Built in an alley but welcome on any desktop,
the CTX 1792UA is screen gem
Chuntex Electronics -- CTX to its friends --
must have one of the least prestigious addresses of any consumer electronics manufacturer.
It's hard to imagine anything other than overflowing dustbins coming out of somewhere
called Alley number 6, Lane 235, Pao Chiao Road, Taipei. The 1792UA 17-inch
monitor shows how wrong you can be…
It is based on a Sony Trinitron tube, a fact
CTX curiously fail to mention on the box or in the instructions. The dark and
unusually flat faceplate is a dead give-away but we whipped off the lid just to
make sure. Whilst inside we gave the circuitry and components a quick
once-over. The standard of construction is generally good though the wiring is
a bit of a rats-nest; any service engineer having to deal with a faulty one has
our sympathy. But we digress. The main points of interest are full auto scan
between 30 and 70kHz (horizontal) and 50 to 160Hz (vertical), most graphics
standards and resolutions between 640 x 480 and 1600 x 1200 so it will happily
operate with pretty well all PCs and Macs.
Although the 1792UA supports all VESA DPMS
power management protocols the environmentally aware might like to note that it
never quite manages to achieve zero power consumption whilst it is connected to
a PC. In the 'off' mode it still manages to use 6 watts, this rises to 10 watts
in standby and up to 120 watts when showing a bright, busy image.
The cosmetics are fairly plain and
understated, which is no bad thing, you're supposed to be looking at the
screen, after all. All of the front panel controls are arranged in a neat row,
with the on/off power switch on the far right. From left to right they are:
picture, colour and status menu calls, plus/minus and up/down menu selectors, (which
also double up as brightness and contrast controls), plus two buttons for input
select and manual degauss. Around the back there's a standard 15-pin D-sub
monitor socket and a set of BNC sockets. The latter is for a Mac cable, or it
could be connected to a second PC and switched using the front panel selector.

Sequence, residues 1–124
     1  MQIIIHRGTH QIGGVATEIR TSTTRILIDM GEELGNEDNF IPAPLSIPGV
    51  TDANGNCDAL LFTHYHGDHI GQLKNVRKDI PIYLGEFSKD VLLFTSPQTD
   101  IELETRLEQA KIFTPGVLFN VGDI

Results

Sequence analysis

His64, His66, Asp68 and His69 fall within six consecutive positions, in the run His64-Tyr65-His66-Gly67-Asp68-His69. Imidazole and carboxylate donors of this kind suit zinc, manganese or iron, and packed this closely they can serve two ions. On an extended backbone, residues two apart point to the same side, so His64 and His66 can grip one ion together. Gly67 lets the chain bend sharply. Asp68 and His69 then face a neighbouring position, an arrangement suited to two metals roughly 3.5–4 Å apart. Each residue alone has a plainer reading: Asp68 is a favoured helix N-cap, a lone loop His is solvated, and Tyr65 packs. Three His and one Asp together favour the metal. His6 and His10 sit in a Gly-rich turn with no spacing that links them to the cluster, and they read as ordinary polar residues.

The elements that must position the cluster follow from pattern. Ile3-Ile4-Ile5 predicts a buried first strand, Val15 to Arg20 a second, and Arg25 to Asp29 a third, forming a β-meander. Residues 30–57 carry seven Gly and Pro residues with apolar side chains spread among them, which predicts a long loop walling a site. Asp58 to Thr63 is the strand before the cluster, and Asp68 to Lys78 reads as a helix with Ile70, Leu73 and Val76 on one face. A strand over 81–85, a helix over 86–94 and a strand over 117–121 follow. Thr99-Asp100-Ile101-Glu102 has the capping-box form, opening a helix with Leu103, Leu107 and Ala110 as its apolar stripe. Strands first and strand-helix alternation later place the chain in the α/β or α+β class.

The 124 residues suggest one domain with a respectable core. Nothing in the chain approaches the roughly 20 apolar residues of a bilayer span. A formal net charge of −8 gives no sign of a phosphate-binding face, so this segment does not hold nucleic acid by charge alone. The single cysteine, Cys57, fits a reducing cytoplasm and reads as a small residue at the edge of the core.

A clip-on tilt/swivel stand, PC video cable and power lead is included.
At switch-on there's further confirmation of
the picture tube's origins. The characteristic shadows cast by the two aperture
grille support wires, across the top and bottom thirds of the screen, are
immediately obvious. Trintron aficionados are untroubled by the shadows but some
find them distracting. It's fair to say that they are virtually invisible on
moving video, but they do show up quite clearly on a static white desktop. If
you've never used a largish Trinitron screen it's worth seeing one in action,
before you decide. The multi-lingual menu-driven on-screen displays are crisp
and easy to read they can also be moved to any position on the screen, which is
a neat touch. In addition to all of the usual picture and picture geometry
controls there are four user pre-settable colour settings, and convergence
adjustment. The latter is unusual, normally this is left to service engineers
as it can be a swine to get right, without specialist test patterns, and a lot
After a 30-minute warm-up the 1792UA was subjected
to our usual test routines, which includes two monitor checking programs (Ntest
and CheckScreen), plus some moving video and a selection of Windows desktops,
across as may resolution settings as we can muster. The geometry and picture
settings needed only a few slight tweaks to get a near perfect result. At all settings
colour purity was on the nail with no visible defects, focus is pin-sharp
across the whole screen area and the power supply sailed through our stability tests.
All good stuff, but the icing on the cake is resolution, the fine dot-pitch
produces a crisp, highly detailed image and that combined with the wider than
normal contrast range of the Trinitron tube gives a picture that appears to
have added depth and sharpness.
A 17-inch screen is about as small as you
want to go for serious desktop video and graphics applications but if that's
your limit then the CTX 1792US is definitely worth including on your shortlist.
The price and specification are fairly run of the mill but picture quality is outstanding.
How Much? £386 (inc. VAT)
Tube size 17-inch Trinitron
Visible display area 300 x 225mm
Aperture grille pitch 0.25mm
Max Resolution 1600 x 1200 pixels
Max refresh rate auto scan to 160Hz
Dimensions 418 x 430 x 446mm
Ease of use 8
Value for money 8
Overall Rating 88%
CTX Europe (01923) 810800, www.ctxeurope.demon.co.uk
ã R. Maybury 1998 2008